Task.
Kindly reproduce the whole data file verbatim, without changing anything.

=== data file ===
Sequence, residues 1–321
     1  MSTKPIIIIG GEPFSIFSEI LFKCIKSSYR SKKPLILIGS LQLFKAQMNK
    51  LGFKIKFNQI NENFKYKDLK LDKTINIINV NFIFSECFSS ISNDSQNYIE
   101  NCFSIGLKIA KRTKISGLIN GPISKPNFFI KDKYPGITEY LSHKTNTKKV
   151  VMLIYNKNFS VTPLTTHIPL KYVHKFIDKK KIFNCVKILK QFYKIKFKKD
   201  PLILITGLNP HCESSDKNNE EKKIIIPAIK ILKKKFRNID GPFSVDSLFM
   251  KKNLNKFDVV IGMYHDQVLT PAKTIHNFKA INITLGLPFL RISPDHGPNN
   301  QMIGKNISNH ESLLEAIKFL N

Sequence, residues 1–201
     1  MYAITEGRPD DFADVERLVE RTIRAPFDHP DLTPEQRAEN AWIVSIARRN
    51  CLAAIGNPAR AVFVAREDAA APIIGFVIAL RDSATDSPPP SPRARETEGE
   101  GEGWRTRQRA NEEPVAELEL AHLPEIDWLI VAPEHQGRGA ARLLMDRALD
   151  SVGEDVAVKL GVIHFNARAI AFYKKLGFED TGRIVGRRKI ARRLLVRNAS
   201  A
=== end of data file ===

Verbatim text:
Sequence, residues 1–321
     1  MSTKPIIIIG GEPFSIFSEI LFKCIKSSYR SKKPLILIGS LQLFKAQMNK
    51  LGFKIKFNQI NENFKYKDLK LDKTINIINV NFIFSECFSS ISNDSQNYIE
   101  NCFSIGLKIA KRTKISGLIN GPISKPNFFI KDKYPGITEY LSHKTNTKKV
   151  VMLIYNKNFS VTPLTTHIPL KYVHKFIDKK KIFNCVKILK QFYKIKFKKD
   201  PLILITGLNP HCESSDKNNE EKKIIIPAIK ILKKKFRNID GPFSVDSLFM
   251  KKNLNKFDVV IGMYHDQVLT PAKTIHNFKA INITLGLPFL RISPDHGPNN
   301  QMIGKNISNH ESLLEAIKFL N

Sequence, residues 1–201
     1  MYAITEGRPD DFADVERLVE RTIRAPFDHP DLTPEQRAEN AWIVSIARRN
    51  CLAAIGNPAR AVFVAREDAA APIIGFVIAL RDSATDSPPP SPRARETEGE
   101  GEGWRTRQRA NEEPVAELEL AHLPEIDWLI VAPEHQGRGA ARLLMDRALD
   151  SVGEDVAVKL GVIHFNARAI AFYKKLGFED TGRIVGRRKI ARRLLVRNAS
   201  A